What’s Going ON at Gordon-Conwell?
By David Gill
For 20 years, Gordon-Conwell Theological Seminary has put special focus on work, business, and economic issues through its Mockler Center for Faith & Ethics in the Workplace. The primary activity of the Mockler Center has been to organize monthly seminars and presentations on campus, to which campus and community are invited. This past academic year was no exception, as our seminar line-up included the Theology of Work Project, the Artist Studio as a Workplace, What the Church Can Learn from Business, and Christianity in the Chinese (PRC) Workplace. The Center is named after legendary Gillette CEO Colman Mockler, who was identified as an exemplar of “Level Five Leadership” in Jim Collins’s best-seller “Good to Great.”
In 2000, Gordon-Conwell added a focused academic track on Workplace Theology, Ethics, and Leadership open to DMin and MAR students. The fifth cohort in this major has nearly completed the program, which includes intensive study experiences in New York City (Finance & Marketing in Christian Perspective), Seattle (Technology & Entrepreneurship in Christian Perspective), and Tegucigalpa, Honduras (Globalization & Development in Christian Perspective).
Three years ago, the seminary took another major step forward with the endowment of the Mockler-Phillips Professor of Workplace Theology and Business Ethics. “Workplace Theology” and “Business & Professional Ethics” courses were added to the curricular menu. In addition, Directed Study Projects have focused on technology, sports, health care, and similar topics.
This year, with our first Oikonomia Network grant, Gordon-Conwell and the Mockler Center advanced three new initiatives. We launched a series of faculty lunch discussions (each attended by five to eight participants) on “How Can We Better Prepare Our Seminary Graduates to Support Workplace and Economic Discipleship and Impact?” More than three-quarters of our faculty participated in these discussions. A series of five student luncheon meetings (each involving 20 to 30 students) were also held on the topic of “Why the Workplace is Important and How to Get Ready to Minister to Workplace Disciples After Graduation.” Additionally, we began a new seminary course on “Entrepreneurship in Church & Community.”
The new entrepreneurship course enrolled 12 students (out of 24 applicants) from eight different Boston-area churches. The weekly classes included biblical foundations and themes, as well as practical, hands-on guidance on identifying high-potential entrepreneurs, deciding on a business idea, formulating a start-up business plan, and putting together solid financial, marketing, technology, and personnel plans and policies – all aligned with a clear, inspiring business mission and a value-embedded culture. Sixteen entrepreneurs were chosen by the students and invited to attend class alongside their seminary mentor/trainers. Halfway through the 12-week course, we celebrated a “Launch Day,” presenting our 16 new business start-ups. The start-ups ranged from a Jamaican restaurant to graphic design, custom cabinetry, event planning, website development, Haitian clothing importing, exporting to Barbados, handyman services, and a voice school. The Boston Globeran an online story about the innovative course, and an MIT conference on social entrepreneurship invited us to present on our course.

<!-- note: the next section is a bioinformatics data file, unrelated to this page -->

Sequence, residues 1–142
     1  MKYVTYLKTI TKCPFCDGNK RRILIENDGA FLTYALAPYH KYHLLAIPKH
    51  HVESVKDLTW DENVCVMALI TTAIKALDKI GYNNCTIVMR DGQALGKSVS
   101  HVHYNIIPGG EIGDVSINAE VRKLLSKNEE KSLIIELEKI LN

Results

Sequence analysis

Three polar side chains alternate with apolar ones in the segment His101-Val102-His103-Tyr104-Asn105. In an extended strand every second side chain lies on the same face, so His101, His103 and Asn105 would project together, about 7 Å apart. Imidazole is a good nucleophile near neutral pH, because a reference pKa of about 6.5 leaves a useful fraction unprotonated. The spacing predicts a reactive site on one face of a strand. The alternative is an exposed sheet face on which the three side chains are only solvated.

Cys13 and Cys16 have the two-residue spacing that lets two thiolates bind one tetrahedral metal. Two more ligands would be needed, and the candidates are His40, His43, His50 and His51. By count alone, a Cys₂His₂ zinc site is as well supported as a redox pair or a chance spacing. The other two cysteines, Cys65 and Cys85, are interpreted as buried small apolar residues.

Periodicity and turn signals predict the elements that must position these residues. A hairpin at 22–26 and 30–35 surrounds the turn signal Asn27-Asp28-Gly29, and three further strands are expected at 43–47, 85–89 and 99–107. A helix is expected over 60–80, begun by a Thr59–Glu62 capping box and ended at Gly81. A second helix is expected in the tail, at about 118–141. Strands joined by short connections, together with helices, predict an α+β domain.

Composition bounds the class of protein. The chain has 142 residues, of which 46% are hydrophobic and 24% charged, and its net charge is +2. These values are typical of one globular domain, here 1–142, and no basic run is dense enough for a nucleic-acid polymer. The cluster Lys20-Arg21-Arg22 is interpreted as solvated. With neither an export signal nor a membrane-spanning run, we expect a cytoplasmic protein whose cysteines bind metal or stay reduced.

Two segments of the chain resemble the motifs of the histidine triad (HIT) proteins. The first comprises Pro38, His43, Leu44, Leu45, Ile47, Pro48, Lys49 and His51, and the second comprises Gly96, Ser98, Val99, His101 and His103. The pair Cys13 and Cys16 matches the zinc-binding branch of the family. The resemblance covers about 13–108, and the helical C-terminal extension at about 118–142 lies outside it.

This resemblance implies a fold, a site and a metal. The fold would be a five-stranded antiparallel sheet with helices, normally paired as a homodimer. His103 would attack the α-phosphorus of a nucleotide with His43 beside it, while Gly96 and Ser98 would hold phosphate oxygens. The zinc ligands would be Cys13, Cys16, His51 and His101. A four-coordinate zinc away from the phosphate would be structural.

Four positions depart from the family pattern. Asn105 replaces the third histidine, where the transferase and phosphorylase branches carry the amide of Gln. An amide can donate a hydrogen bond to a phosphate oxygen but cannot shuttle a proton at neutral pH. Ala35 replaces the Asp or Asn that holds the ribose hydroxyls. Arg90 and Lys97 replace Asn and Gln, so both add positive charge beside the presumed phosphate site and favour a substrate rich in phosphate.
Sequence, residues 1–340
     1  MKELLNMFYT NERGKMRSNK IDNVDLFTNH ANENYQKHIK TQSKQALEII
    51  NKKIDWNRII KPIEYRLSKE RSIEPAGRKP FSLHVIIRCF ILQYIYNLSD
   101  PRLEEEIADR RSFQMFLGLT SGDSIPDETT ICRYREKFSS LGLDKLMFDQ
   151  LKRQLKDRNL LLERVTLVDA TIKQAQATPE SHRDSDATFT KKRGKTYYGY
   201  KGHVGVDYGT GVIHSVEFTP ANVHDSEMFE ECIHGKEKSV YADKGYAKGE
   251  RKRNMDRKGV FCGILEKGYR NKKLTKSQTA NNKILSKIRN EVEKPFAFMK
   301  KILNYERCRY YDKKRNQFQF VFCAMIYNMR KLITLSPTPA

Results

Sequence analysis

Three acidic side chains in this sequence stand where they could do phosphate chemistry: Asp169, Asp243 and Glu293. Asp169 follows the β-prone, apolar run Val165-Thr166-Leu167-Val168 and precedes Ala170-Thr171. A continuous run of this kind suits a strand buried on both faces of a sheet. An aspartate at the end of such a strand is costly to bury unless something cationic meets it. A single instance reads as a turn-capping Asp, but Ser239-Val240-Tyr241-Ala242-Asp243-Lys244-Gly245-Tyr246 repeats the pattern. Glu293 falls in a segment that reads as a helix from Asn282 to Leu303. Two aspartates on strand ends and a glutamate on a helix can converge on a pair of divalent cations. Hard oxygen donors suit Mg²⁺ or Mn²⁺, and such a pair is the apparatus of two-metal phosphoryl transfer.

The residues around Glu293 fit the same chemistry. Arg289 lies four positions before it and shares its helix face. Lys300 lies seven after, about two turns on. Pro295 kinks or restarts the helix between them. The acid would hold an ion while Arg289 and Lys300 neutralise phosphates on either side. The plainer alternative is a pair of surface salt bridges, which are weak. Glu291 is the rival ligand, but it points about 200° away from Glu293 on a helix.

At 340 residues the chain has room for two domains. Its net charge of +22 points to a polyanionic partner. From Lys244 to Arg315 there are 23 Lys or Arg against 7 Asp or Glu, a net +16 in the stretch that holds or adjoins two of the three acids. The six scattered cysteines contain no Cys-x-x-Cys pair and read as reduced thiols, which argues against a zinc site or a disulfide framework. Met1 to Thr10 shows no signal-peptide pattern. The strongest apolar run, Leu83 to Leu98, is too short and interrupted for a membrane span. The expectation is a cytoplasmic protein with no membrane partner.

Our group of instructors, mentors, and entrepreneurs will meet monthly through the summer for mutual support and then present awards for the best of our start-ups at a celebration at the new Jamaican restaurant in September. The graduates of the program have committed to starting entrepreneurship programs in their local churches. Version 2.0 of the course was just officially scheduled for spring 2014.
As we look to the upcoming academic year, all of the above programs are scheduled to continue. In addition, we are planning:
- Focused faculty work sessions and projects revolving around the ON Economic Maxims,
- A major, one-day, interfaith “Religion & Work” conference, tentatively to be held at Harvard Business School in March 2014, and,
- A major, two-day, national summit conference on Christian faith and values in the workplace (including attention to economics!) in Boston. This conference is tentatively scheduled for next April –we hope many in the Oikonomia Network will participate.